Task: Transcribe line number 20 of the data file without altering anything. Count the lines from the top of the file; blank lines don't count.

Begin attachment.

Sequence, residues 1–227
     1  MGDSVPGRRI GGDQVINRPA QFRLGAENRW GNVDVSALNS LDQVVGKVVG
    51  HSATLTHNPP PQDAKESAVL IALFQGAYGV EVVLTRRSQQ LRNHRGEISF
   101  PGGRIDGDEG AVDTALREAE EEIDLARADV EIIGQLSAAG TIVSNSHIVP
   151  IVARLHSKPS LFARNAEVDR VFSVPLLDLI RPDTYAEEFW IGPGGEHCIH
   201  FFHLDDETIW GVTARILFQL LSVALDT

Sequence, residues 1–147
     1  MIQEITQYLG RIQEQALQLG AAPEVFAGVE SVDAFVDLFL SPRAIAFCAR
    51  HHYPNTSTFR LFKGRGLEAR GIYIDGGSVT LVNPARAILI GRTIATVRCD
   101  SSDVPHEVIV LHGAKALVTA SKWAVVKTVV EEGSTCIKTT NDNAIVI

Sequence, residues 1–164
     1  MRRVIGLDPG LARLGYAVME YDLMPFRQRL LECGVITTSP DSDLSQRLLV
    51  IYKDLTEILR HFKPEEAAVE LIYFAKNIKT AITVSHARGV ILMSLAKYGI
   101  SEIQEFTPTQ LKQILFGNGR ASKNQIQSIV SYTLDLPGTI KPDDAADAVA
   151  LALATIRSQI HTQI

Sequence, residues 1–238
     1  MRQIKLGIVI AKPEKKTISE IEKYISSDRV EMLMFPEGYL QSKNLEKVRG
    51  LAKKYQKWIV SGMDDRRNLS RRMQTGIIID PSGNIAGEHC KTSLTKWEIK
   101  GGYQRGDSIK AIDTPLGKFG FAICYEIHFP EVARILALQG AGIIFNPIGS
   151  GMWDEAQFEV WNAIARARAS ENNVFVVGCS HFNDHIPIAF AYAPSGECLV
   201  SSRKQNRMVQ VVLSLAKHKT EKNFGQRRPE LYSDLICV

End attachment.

   151  GMWDEAQFEV WNAIARARAS ENNVFVVGCS HFNDHIPIAF AYAPSGECLV